China's property market: Rescue plans & debt dilemmas

Company News

by Glenn Dyer

How quickly that "property rescue" move from the Chinese government was forgotten—announced Friday, May 17, dead by Friday, May 24, if last week's falls on Chinese and Hong Kong stock markets are any guide.

The Hang Seng Index in Hong Kong fell nearly 5.2% over the week, and the property sub-index lost a larger 6.5%. The Shanghai market shed 2.1%, as did the CSI 300—the index combining the country’s biggest stocks in Shanghai and Shenzhen exchanges.

All three measures lost ground on Friday as well, to cap a miserable week for the so-called rescue plan, which most outside analysts think is a belated recognition of what is needed to stabilize and then reshape the struggling property sector, but was too little and perhaps too late.

Steel, copper, iron ore, and steel prices took a run up and down, though iron ore ended the week over $US120 a tonne for the third time this month, with the property rescue plan seen as the catalyst.

While copper charged higher to record levels on Monday as a squeeze play between shorts and longs played out, the Fed ended the rumpus with a gloomier set of minutes from its last meeting, and down went copper prices by more than 8% in three days.

It's not hard to see why after a few analysts got out their iPhones and crunched a few numbers on their apps.

According to Goldman Sachs, the total value of unsold homes, unfinished projects, and unused land in China is about 30 trillion yuan ($US4.1 trillion).

The firm estimated that to reduce the supply of housing to levels last seen in 2018 (that’s the peak of the boom) could require more than 7 trillion yuan ($US967 billion) for all cities. That’s more than 20 times the amount of funding announced by the People’s Bank of China (PBOC) on May 17.

Ting Lu, chief China economist at Nomura, who had described the country’s housing problem as being “epic,” says just finishing construction of pre-sold homes would require at least 3.2 trillion yuan ($US442 billion).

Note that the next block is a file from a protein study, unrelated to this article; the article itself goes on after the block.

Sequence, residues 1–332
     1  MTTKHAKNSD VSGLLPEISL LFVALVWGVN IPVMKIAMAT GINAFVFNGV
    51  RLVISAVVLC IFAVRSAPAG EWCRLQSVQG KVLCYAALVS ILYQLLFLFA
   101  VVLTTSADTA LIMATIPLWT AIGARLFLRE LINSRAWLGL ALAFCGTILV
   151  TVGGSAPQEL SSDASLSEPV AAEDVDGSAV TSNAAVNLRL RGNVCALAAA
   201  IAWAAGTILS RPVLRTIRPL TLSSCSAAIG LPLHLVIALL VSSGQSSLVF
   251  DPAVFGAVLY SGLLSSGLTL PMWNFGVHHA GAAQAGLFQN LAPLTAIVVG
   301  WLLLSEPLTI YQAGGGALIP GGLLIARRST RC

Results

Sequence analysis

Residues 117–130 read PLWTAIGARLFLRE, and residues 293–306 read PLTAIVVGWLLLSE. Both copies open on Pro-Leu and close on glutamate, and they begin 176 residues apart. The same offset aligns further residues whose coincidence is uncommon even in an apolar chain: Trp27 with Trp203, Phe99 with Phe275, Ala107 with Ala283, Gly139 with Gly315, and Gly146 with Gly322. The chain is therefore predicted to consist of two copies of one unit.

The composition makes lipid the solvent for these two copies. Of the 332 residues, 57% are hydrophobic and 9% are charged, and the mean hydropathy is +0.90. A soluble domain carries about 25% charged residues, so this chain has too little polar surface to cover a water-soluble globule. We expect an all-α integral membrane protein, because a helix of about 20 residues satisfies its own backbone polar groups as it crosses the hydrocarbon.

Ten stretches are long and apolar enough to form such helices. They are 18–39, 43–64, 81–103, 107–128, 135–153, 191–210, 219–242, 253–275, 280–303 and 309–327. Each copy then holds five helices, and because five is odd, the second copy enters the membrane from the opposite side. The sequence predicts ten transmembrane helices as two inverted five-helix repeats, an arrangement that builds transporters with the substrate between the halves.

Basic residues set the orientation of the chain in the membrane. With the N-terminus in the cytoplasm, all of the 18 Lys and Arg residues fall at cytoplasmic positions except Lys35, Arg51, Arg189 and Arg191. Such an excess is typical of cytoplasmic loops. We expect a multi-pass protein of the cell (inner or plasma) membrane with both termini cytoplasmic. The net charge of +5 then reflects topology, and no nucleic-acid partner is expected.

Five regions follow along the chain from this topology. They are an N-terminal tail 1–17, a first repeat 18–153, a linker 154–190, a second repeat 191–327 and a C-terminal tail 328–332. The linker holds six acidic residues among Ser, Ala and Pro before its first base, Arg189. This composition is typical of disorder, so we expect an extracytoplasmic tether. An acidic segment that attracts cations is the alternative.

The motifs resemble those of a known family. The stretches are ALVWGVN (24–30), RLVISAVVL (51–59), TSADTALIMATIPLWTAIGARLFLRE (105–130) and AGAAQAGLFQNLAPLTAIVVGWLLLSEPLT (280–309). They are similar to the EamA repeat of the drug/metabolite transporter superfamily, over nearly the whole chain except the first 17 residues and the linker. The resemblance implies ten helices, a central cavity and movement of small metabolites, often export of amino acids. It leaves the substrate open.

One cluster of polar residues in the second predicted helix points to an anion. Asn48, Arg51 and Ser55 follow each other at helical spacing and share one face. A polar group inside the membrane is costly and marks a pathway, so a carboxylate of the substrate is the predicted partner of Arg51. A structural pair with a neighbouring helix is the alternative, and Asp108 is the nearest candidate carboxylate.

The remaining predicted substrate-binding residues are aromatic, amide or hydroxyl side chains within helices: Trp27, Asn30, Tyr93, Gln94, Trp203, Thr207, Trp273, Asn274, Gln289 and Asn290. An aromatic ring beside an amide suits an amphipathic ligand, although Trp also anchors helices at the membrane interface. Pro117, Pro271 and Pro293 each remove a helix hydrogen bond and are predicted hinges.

He estimated that there are currently 20 million pre-sold homes that remain unbuilt—and as many unhappy customers unable to get into their new homes.

Helen Qiao, chief economist for Greater China at Bank of America, said the funding size of a maximum of 500 billion yuan (well under $US100 billion) from the government was “rather underwhelming.”

Edward Chan, director, corporate ratings, S&P Global Ratings, said China’s property market is likely still “searching for a bottom.”
“The significance of the policy rollout last Friday was that the government is rolling out all these policies at one go, at the same day, at one time,” he said early last week. “This shows the government is serious, as well as dedicated, in stabilizing the property sector.”

But he pointed out that for real estate to see significant stabilization, homebuyers’ demand and confidence will need to improve after a market downturn of nearly three years.

China’s Housing Ministry says local governments can instruct local state-owned enterprises to help purchase some unsold homes from developers. But local government financing vehicles (LGFV), which are already carrying a huge amount of “hidden” debt, are not allowed to make the purchases, according to officials from the central bank, the PBOC. That means fewer options for local authorities to find the cash.

Chinese local authorities have already racked up about $US15 trillion in debt, much of it hidden, having borrowed heavily in recent years to cover the cost of pandemic-related spending and infrastructure projects.

The debt distress has forced many Chinese cities to slash spending, including suspending basic services, such as heating people’s homes in winter. In fact, there are reports at the weekend of Chinese cities and provincial governments cutting website services and other online offerings to save money.

“It’s debatable whether it’s a good idea to put more debt on already highly-leveraged local governments,” Jing Liu and Taylor Wang, China economists for HSBC, said in a note last week, which illustrates the dilemma the central government faces (though it can do the funding direct).

Glenn Dyer

Glenn Dyer has been a finance journalist and TV producer for more than 40 years. He has worked at Maxwell Newton Publications, Queensland Newspapers, AAP, The Australian Financial Review, The Nine Network and Crikey.

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